With an estimated 650,000 deaths worldwide occurring as a result of hazardous substances, it is essential that these substances are treated with caution.
When it comes to using these substances in the workplace, The Control of Substances Hazardous to Health (COSHH) Regulations sets the requirements for both employers and employees when it comes to the usage and storage of hazardous substances.
Who is legally responsible for following COSHH in the workplace?
Ultimately, everybody in the workplace will have some responsibility under the regulations.
Employers arguably have the greatest amount of responsibility as they must educate and inform staff on how to safely use and store hazardous substances, as well as providing staff with the correct PPE, training, and other information.
On the other hand, employees are responsible for ensuring that their daily tasks are conducted safely and causes no harm to others.
For more information about responsibilities under COSHH regulations, see our guide.
What is the main safety issue regarding COSHH?
The COSHH Regulations cover a wide range of substances, including chemicals, fumes, vapours, germs, and dust.
It’s hard to narrow down the safety issues covered by COSHH to a single area, which is why it is crucial that an organisation’s COSHH risk assessment is carried out thoroughly by a competent person who knows what to look out for.
What is a COSHH risk assessment?
Adhering to COSHH Regulations is a legal requirement in the UK. The regulations require employers to protect employees and other people through the use of effective risk assessments, as well as a number of other measures.
Here are some of the key areas to consider when conducting a COSHH risk assessment…
The person conducting the risk assessment should first identify any COSHH hazards in the workplace. Whether this be the improper storage of cleaning products or the use of a particular substance as part of a work process, these risks must be recorded.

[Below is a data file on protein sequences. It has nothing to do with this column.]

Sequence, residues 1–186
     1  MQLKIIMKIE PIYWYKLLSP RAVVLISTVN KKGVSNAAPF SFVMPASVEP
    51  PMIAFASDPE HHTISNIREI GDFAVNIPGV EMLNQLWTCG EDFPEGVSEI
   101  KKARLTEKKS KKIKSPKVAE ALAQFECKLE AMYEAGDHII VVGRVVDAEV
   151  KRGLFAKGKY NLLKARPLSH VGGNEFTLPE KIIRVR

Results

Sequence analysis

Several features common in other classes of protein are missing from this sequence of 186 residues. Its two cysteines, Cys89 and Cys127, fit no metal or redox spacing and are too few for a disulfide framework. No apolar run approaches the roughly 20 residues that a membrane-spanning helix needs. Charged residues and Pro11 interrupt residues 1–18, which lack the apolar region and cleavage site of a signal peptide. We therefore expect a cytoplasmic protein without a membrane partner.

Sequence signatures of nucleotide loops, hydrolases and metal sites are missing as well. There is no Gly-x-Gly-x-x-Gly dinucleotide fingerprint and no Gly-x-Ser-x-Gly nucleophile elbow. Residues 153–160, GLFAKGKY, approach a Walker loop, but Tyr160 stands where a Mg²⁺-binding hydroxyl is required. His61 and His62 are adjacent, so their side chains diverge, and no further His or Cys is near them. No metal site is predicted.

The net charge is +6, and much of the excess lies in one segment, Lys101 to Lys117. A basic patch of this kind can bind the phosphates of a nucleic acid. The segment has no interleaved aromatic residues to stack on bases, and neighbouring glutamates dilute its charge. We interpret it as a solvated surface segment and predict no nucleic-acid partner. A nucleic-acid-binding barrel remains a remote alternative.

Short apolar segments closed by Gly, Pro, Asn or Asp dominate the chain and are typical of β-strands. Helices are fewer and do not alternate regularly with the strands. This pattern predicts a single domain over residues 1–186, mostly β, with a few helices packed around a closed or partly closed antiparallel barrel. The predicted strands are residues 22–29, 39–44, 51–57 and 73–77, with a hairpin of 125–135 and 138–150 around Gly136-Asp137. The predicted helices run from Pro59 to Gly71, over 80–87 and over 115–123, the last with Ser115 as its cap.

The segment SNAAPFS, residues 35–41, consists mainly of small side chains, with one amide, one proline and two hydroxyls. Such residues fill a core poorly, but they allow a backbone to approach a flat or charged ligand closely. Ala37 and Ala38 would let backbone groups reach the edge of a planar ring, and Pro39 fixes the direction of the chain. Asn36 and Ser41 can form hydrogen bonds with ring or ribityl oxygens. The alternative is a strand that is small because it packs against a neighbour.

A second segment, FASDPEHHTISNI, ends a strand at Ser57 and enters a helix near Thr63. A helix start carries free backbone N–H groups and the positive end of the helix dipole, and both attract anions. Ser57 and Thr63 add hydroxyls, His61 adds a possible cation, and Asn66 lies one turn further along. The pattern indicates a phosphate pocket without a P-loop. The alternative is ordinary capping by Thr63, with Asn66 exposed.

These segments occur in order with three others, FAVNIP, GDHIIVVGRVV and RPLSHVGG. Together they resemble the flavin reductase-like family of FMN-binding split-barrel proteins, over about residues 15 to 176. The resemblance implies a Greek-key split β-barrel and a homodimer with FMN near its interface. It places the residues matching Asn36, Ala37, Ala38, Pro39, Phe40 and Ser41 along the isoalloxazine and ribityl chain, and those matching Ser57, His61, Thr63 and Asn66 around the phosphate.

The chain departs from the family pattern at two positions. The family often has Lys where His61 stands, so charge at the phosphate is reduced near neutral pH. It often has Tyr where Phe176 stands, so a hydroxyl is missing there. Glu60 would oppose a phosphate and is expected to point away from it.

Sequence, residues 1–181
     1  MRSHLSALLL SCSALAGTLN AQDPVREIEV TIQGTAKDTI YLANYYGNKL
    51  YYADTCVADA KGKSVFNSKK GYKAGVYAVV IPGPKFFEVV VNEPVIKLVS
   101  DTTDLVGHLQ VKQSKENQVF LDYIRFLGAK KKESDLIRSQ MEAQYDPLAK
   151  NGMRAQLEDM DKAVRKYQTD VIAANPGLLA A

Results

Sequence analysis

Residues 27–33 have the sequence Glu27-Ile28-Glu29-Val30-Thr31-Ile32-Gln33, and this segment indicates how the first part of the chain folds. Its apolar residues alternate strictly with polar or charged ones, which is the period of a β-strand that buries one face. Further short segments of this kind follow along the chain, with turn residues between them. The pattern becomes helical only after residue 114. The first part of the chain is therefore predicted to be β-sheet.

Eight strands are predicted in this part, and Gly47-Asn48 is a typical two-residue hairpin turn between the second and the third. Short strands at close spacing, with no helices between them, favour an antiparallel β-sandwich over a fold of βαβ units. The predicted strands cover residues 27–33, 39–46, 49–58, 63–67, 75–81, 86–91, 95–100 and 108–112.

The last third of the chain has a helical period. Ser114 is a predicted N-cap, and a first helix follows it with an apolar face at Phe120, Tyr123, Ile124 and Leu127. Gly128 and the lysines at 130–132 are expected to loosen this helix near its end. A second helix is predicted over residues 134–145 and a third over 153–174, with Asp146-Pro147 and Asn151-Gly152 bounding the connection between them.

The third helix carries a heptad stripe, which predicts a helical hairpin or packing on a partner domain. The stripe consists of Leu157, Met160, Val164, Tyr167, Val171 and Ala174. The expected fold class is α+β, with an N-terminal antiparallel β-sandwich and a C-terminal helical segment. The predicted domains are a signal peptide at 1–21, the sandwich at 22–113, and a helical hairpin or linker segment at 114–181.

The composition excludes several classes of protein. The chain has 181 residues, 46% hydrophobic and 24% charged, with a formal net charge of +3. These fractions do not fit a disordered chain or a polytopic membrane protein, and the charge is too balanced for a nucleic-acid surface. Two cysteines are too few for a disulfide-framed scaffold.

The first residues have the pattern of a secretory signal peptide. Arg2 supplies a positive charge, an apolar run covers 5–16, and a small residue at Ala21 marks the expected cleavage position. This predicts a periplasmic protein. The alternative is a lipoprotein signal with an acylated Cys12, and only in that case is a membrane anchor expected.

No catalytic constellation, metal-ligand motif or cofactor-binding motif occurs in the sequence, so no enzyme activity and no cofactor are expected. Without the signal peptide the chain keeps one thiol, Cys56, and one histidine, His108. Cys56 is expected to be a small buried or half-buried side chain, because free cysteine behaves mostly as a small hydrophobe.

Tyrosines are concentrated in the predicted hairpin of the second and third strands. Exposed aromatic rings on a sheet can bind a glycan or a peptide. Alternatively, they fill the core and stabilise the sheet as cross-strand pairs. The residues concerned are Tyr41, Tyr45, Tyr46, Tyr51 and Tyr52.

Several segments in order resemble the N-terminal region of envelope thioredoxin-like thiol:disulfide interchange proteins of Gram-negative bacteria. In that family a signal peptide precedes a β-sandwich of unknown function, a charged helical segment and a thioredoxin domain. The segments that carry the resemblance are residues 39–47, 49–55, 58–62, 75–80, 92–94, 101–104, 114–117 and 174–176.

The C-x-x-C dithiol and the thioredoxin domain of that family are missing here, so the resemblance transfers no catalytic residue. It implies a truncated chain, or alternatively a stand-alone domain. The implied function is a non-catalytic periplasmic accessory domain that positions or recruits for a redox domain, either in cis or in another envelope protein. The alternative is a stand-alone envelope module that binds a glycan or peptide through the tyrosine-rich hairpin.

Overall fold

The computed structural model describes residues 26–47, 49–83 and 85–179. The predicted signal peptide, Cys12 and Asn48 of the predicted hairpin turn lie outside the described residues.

Identify who might be affected
Once the hazards have been identified, it is important to note who might be affected by the hazard. This will help further down the lines when deciding on preventative measures.
Once you have identified the hazards and who might be affected by them, you should evaluate the severity of each risk. This will give you an idea of what actions must be taken to ensure minimal risks.
Decide on/implement preventative measures
Finally, once you are confident that the previous areas have been identified and evaluated, you must decide on whether your existing preventative measures will suffice, or whether more action needs to be taken.
COSHH risk assessment mistakes and how to avoid them
There are a number of common mistakes made by organisations when it comes to COSHH risk assessments including…
Allowing incompetent staff to conduct the assessment - The regulations specifically require the assessment to be conducted by a competent person. Organisations should consider both the qualifications and experience of the person they are looking to conduct the assessment before handing over this responsibility.
Not cross-referencing with older COSHH risk assessments - It is unlikely that a risk would have been completely removed from the workplace, therefore it should continue to be monitored in each assessment. Without cross-referencing with older assessments, some risks could go unnoticed.
Failing to engage employees with the COSHH risk assessment - The employees are likely to be the people most exposed and affected by COSHH risks. Therefore, they are more than likely the most important people to receive feedback from. They can help the competent person conduct a thorough assessment that covers all bases.
Online COSHH Training
Here at iHASCO, we offer an online COSHH Training course that covers all the information necessary to keep your staff safe from substances that could be potentially harmful to their health.
The IOSH Approved course, which can be completed in just 25 minutes, provides a printable certificate upon completion of the end-of-training test and is broken down into three easily-digestible sections:
- Hazardous substances: coming into contact with them and the effects of exposure
- Hazard symbols
- Six simple steps to control risks
You can claim a free, no-obligation trial to the course today! Alternatively, you can request a bespoke quote and a member of our team will be in touch with you shortly to discuss your organisation’s training needs.